NEW DELHI – India’s capital is choking under hazardous smog, with some parts of the city reporting levels almost five times those considered “unhealthy” by the US environmental protection agency.

Measurements taken at the US Embassy in Delhi put the city’s Air Quality Index at 999 on Monday, off the standard chart, which finishes at the “hazardous” level of 500, the CNN reported.

By comparison, the highest AQI level recorded Monday in Baoding – China’s most polluted city – was 298.

Smog closes 1,747 schools in Delhi

Beijing was a pleasant 30, while India’s next most polluted city, coal and industry-heavy Chandrapur, recorded levels of 824, according to the World Air Quality Index.

Research released earlier this year found that air quality levels exceed World Health Organizations guidelines for 80% of those living in urban areas around the world.

On Sunday, hundreds of people gathered to protest outside Parliament in the city center as others voiced their displeasure online, posting to Twitter with the slogan #MyRightToBreathe.

An emergency ruling issued over the weekend saw more than 5,000 schools closed and construction work halted for the next three days. Officials warned that the number of vehicles allowed on the streets may be restricted if the situation does not improve.

A thick, acrid smog has settled over the India’s capital over the past week, a combination of smoke from burning crops in surrounding agricultural states, fireworks on the Hindu festival of Diwali, dust and vehicle emissions.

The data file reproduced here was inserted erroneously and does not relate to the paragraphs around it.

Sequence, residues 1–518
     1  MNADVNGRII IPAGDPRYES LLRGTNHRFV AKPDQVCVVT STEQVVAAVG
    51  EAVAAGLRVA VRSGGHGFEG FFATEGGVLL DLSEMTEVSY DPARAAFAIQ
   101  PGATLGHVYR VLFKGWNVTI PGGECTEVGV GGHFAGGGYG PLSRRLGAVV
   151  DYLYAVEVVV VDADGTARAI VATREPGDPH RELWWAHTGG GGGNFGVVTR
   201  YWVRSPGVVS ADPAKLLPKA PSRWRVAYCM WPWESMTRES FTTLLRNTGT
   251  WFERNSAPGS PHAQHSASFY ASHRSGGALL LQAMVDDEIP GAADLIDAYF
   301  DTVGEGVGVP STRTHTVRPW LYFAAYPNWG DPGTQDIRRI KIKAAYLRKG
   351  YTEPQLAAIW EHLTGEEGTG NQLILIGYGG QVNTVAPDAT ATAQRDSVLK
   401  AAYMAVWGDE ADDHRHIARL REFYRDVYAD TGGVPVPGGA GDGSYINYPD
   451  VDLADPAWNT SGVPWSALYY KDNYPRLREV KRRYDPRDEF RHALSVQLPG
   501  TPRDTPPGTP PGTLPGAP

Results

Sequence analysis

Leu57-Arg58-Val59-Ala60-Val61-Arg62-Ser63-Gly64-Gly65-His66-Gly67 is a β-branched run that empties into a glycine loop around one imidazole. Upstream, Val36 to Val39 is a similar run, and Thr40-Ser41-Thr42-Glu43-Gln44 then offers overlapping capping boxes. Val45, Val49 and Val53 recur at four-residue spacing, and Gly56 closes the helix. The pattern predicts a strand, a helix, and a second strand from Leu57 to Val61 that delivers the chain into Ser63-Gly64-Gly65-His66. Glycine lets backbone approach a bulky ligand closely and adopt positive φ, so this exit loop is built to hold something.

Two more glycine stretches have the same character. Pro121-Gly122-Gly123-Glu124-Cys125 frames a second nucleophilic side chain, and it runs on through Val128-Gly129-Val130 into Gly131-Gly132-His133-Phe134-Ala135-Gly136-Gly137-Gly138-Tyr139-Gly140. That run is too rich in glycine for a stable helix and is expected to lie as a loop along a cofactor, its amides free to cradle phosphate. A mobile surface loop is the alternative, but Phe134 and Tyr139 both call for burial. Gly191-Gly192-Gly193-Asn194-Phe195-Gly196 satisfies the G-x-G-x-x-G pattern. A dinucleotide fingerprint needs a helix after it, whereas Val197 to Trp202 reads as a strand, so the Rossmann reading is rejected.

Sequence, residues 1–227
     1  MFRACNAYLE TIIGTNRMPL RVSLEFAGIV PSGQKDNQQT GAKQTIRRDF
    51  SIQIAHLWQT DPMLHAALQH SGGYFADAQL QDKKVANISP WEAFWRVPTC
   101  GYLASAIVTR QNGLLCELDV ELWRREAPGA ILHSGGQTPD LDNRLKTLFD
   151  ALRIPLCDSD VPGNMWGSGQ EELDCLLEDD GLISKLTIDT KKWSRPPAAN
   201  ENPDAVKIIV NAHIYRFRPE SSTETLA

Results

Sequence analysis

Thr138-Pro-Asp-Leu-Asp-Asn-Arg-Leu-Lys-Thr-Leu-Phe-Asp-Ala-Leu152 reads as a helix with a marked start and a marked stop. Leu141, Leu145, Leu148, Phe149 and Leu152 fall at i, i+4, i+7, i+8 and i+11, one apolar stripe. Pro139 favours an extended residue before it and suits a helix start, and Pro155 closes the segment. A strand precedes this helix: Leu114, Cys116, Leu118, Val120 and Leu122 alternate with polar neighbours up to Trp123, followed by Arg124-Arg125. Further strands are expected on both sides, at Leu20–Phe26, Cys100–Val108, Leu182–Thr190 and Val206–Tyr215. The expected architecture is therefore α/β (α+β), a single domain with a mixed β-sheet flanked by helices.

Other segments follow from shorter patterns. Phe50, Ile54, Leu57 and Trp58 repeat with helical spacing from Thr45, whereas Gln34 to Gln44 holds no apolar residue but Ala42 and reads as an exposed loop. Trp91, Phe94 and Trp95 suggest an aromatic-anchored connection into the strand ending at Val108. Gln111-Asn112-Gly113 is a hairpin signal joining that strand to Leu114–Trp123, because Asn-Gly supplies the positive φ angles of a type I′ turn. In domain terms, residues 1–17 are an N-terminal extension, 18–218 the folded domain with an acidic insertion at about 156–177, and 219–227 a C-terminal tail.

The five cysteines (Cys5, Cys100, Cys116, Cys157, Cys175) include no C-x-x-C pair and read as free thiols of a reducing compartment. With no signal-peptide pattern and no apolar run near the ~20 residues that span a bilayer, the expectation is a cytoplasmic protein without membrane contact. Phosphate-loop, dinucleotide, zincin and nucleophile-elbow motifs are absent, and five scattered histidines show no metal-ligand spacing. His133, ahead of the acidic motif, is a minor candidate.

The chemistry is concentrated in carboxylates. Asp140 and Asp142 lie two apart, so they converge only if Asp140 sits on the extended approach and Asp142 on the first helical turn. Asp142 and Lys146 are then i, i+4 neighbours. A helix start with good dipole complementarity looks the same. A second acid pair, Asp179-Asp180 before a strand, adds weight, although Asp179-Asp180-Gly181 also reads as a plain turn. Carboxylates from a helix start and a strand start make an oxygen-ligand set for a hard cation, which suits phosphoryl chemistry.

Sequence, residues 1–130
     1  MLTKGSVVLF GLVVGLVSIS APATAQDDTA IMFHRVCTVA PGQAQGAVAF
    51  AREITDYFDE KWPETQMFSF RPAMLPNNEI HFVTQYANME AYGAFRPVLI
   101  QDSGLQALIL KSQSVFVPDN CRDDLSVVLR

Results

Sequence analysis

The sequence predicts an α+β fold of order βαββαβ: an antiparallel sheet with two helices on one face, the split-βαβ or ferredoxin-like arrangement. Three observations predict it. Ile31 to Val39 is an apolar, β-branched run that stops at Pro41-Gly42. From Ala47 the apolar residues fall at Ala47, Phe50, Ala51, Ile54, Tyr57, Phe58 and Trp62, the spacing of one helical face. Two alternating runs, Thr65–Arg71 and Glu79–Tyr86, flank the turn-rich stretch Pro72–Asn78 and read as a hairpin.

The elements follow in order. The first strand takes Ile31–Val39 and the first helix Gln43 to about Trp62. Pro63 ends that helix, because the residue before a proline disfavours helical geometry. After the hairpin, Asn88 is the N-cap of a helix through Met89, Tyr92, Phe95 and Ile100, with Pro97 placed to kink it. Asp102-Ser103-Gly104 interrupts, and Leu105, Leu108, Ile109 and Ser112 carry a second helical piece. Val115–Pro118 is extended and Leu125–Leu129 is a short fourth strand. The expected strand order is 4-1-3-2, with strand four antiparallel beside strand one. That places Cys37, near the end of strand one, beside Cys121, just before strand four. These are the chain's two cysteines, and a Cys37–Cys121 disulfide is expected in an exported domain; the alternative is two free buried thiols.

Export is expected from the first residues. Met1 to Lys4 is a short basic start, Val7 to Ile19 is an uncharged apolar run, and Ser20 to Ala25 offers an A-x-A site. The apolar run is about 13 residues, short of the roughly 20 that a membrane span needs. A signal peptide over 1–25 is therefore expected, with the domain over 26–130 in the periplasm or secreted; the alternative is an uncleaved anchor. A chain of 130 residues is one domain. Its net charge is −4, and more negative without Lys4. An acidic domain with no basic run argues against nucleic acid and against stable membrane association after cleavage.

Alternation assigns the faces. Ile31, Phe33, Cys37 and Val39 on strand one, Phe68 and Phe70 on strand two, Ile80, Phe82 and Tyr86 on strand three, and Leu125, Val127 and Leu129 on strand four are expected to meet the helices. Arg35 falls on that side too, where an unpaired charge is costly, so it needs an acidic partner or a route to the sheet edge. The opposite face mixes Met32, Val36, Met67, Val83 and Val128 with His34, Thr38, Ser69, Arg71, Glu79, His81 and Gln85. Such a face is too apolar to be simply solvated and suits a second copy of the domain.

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Images published by NASA suggest that burning of crops in the neighboring states of Punjab and Haryana could be the biggest reason behind the air pollution in the region.

‘Death by pollution’

Delhi’s High Court has compared conditions in the city to “living in a gas chamber.”

Delhi’s battle against air pollution dates to at least 2001, when India’s Supreme Court, appalled at conditions in the city, ordered public buses, taxis and auto-rickshaws to switch from diesel power to compressed natural gas.


The city is sprawling, and a lack of effective public transportation has fueled an explosion in car ownership. The city has 9 million vehicles, and new cars are being registered at a rate of 1,400 per day. India’s fuel standards are roughly 10 years behind those of Europe, and low petrol prices incentivize driving.

Cooking fuel, construction dust and coal-burning power plants add particles and toxic gasses to the mix. When the weather turns cold, the city’s poor huddle together in slums and along busy roads, warming themselves around small wood or trash fires. This winter, PM 2.5 levels have frequently topped 500, a reading that is literally off the charts.


PM 2.5 particles are exceedingly small and can evade the body’s normal defenses and penetrate deep into the lungs, causing chronic health problems. They have been linked to increased risk of asthma, heart disease, stroke and respiratory infections, as well as cancer of the trachea, lung, and bronchus.